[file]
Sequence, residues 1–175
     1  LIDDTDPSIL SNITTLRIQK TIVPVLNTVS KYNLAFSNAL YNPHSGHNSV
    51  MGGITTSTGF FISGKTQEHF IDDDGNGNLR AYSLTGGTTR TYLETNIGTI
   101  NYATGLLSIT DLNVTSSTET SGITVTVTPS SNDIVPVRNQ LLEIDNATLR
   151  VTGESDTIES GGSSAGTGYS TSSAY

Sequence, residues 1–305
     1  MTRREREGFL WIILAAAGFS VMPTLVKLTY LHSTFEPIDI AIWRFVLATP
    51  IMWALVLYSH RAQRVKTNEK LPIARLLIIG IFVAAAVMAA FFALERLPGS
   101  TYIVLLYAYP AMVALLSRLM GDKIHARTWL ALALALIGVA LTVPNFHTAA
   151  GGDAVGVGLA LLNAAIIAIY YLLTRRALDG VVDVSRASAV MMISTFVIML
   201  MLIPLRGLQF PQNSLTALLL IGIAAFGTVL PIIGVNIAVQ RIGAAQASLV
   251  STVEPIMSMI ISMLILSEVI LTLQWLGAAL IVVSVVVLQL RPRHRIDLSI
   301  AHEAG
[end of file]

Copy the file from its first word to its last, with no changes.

Sequence, residues 1–175
     1  LIDDTDPSIL SNITTLRIQK TIVPVLNTVS KYNLAFSNAL YNPHSGHNSV
    51  MGGITTSTGF FISGKTQEHF IDDDGNGNLR AYSLTGGTTR TYLETNIGTI
   101  NYATGLLSIT DLNVTSSTET SGITVTVTPS SNDIVPVRNQ LLEIDNATLR
   151  VTGESDTIES GGSSAGTGYS TSSAY

Sequence, residues 1–305
     1  MTRREREGFL WIILAAAGFS VMPTLVKLTY LHSTFEPIDI AIWRFVLATP
    51  IMWALVLYSH RAQRVKTNEK LPIARLLIIG IFVAAAVMAA FFALERLPGS
   101  TYIVLLYAYP AMVALLSRLM GDKIHARTWL ALALALIGVA LTVPNFHTAA
   151  GGDAVGVGLA LLNAAIIAIY YLLTRRALDG VVDVSRASAV MMISTFVIML
   201  MLIPLRGLQF PQNSLTALLL IGIAAFGTVL PIIGVNIAVQ RIGAAQASLV
   251  STVEPIMSMI ISMLILSEVI LTLQWLGAAL IVVSVVVLQL RPRHRIDLSI
   301  AHEAG